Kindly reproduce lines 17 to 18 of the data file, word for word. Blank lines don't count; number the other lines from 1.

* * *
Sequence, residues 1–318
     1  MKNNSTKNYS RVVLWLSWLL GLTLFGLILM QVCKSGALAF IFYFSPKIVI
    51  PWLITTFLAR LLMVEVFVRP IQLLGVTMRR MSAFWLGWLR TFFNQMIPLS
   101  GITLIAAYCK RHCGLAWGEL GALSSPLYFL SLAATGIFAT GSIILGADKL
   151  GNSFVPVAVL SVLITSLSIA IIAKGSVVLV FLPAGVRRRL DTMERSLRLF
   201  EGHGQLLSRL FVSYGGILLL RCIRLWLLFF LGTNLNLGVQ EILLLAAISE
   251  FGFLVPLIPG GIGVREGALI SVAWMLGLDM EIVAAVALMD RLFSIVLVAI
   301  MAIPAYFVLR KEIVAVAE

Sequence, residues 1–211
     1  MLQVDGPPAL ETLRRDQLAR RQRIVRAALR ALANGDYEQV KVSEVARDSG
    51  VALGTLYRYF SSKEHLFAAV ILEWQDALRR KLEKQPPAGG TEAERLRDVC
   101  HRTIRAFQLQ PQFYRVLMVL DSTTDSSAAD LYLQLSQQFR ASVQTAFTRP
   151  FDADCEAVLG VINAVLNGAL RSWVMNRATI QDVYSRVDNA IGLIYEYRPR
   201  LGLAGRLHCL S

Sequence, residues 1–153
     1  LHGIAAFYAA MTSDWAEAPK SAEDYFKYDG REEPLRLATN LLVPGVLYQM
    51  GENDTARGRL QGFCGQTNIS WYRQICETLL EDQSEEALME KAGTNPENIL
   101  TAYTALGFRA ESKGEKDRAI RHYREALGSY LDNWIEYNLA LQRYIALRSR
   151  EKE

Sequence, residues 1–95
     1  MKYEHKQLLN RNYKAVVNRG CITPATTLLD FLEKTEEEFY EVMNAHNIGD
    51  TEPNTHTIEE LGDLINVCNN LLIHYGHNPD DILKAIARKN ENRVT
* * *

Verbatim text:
    51  GENDTARGRL QGFCGQTNIS WYRQICETLL EDQSEEALME KAGTNPENIL
   101  TAYTALGFRA ESKGEKDRAI RHYREALGSY LDNWIEYNLA LQRYIALRSR